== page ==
Puffins on Inner Farne Island
We recently went to the Farne Islands on a boat trip. I had been before but not during the nesting season. The islands were absolutely covered with nesting birds; Puffins, Terns, Gannets, and more. The terns vigorously defended their nests, swooping and diving at us when we approached. The whole islands were teaming with life. It is very easy to see the gillemots, they stay on their nests even when people approach close up. The terns swoop at people trying to drive them away from their eggs and young. It is easy to see these birds as inspirational examples of parenthood and devotion to the young. For them the people approaching are seen as real risks, standing up to a ‘predator’ is a matter of life and death.
Gillemot Remains on Nest
We should not forget that the huge nesting population of these islands is fed by the fish in the surrounding ocean. Some birds will eat other’s eggs and young given half a chance. The beauty of these islands is sustained by “nature red in tooth and claw”, the circle of life. How do we as Hindus reconcile the beauty of nature with the death and suffering necessary to sustain it? Why do Hindus practice ahimsa, non-harm, towards all creatures when nature itself involves violence?
Once upon a time a very strong woodcutter asked for a job to a timber merchant,and he got it. The pay was really good and so were the working conditions. For that reason, the woodcutter was determined to do his best. His boss gave him an axe and showed him the area where he was supposed to work. The first day, the woodcutter brought 18 trees “Congratulations,” the boss said. “Carry on that way!”.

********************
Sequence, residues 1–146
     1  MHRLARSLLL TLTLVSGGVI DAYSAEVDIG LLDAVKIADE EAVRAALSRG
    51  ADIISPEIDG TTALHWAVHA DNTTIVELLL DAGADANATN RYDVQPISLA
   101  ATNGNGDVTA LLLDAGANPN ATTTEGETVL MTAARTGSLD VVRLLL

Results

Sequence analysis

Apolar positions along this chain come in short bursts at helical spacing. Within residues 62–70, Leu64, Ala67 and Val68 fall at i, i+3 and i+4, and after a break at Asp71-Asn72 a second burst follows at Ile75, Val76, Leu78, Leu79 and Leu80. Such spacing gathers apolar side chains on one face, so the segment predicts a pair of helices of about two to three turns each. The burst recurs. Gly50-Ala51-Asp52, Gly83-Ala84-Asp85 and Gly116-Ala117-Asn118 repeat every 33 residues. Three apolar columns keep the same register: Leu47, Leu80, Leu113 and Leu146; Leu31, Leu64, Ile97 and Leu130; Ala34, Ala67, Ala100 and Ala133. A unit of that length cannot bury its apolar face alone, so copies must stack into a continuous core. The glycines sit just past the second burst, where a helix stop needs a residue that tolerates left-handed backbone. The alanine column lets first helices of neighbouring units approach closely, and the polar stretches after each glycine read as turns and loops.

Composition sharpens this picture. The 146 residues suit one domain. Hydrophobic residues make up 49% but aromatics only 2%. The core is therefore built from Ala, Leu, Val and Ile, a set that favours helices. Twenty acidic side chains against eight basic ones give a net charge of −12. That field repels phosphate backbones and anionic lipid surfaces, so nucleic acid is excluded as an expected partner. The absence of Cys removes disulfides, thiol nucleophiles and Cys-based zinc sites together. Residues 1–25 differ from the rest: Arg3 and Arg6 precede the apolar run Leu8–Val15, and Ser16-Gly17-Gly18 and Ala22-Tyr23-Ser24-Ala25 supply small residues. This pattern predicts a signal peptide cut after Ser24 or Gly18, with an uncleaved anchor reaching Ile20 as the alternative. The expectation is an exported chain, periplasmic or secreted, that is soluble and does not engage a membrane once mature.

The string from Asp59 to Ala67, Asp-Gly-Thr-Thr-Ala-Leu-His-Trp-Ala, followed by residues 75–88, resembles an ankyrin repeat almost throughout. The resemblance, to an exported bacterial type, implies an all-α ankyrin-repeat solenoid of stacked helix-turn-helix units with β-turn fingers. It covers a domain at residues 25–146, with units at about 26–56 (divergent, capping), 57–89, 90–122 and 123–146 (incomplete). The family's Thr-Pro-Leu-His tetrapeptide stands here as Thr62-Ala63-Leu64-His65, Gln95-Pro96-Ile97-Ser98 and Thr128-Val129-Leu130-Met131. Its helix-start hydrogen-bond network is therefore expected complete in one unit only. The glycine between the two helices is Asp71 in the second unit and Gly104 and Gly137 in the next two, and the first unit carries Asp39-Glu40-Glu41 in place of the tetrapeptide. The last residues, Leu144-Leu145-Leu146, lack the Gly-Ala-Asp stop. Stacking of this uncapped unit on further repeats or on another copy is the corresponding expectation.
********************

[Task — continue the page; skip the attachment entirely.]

Very motivated with the boss’s words, the woodcutter tried harder the next day, but he could bring only 15 trees. The third day he tried even harder, but could bring 10 trees only. Day after day he was bringing less and less trees. “I must be losing my strength”, the woodcutter thought.
He went to the boss and apologized,saying that he could not understand what was going on. “When was the last time you sharpened your axe?” the boss asked. “Sharpen? I had no time to sharpen my axe. I have been very busy trying to cut more trees for you.
This traditional story teaches us a lesson in Hinduism. Keeping our axe sharp means maintaining the basics; purity, truthfulness (satyam) and non-harm (ahimsa) together with regular devotion (bhakti). Sometimes we can get carried away with learning new things and forget the basics. Spiritual knowledge without the backing of a pure heart and devotion to God will not get us anywhere, we need to keep our axes sharp.
Aum Namah Shivaya